Soul music

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Definition

Soul music developed in the southern states of America and grew in popularity throughout the 1960s. It was a combination of gospel, blues and country music, and its gritty sound reflected what was happening socially in America at that time.

One of the main centres for soul music was in Memphis Tennessee, home of STAX records, where musicians from different ethnic backgrounds joined together to write and record music. At this time, racial segregation was still very much part and parcel of everyday life for Americans and was certainly a barrier to creative collaborations such as writing and recording music. Artists recording with STAX included, Aretha Franklin, Otis Redding, Sam & Dave, Isaac Hayes, Booker T & the MG’s, Staple Singers to name a few.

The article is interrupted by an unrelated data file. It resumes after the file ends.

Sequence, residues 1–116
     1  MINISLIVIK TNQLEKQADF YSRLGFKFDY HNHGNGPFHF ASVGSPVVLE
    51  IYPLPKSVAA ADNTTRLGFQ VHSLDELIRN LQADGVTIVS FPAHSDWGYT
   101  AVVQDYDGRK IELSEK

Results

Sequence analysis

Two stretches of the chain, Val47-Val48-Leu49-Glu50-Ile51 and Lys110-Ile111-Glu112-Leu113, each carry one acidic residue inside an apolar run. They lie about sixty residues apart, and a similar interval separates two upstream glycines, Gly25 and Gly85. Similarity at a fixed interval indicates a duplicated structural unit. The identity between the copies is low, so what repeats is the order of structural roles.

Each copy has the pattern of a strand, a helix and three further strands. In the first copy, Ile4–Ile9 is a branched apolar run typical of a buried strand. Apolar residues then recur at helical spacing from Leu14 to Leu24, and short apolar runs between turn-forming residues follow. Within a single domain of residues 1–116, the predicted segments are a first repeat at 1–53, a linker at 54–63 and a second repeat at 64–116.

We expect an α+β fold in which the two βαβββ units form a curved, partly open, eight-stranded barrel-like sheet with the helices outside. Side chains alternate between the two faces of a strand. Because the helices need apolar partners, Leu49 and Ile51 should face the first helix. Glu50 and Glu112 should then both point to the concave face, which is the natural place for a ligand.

In Detroit, Michigan, a style of soul music was also developing. Although it had the same heartfelt emotion and passion in the music, the sound was smoother than their counterparts at STAX. Detroit was the home of Motown Records. Artists who recorded with Motown included the Jackson 5, Diana Ross, Martha Reeves, Marvin Gaye and Smokey Robinson.

Examples


A famous piece of soul music by STAX artist Aretha Franklin.


Sam & Dave perform 'Soul Man'.


Motown legend Martha Reeves & the Vandellas - 'Dancing in the street'.


Marvin Gaye sings 'I heard it through the grapevine'.

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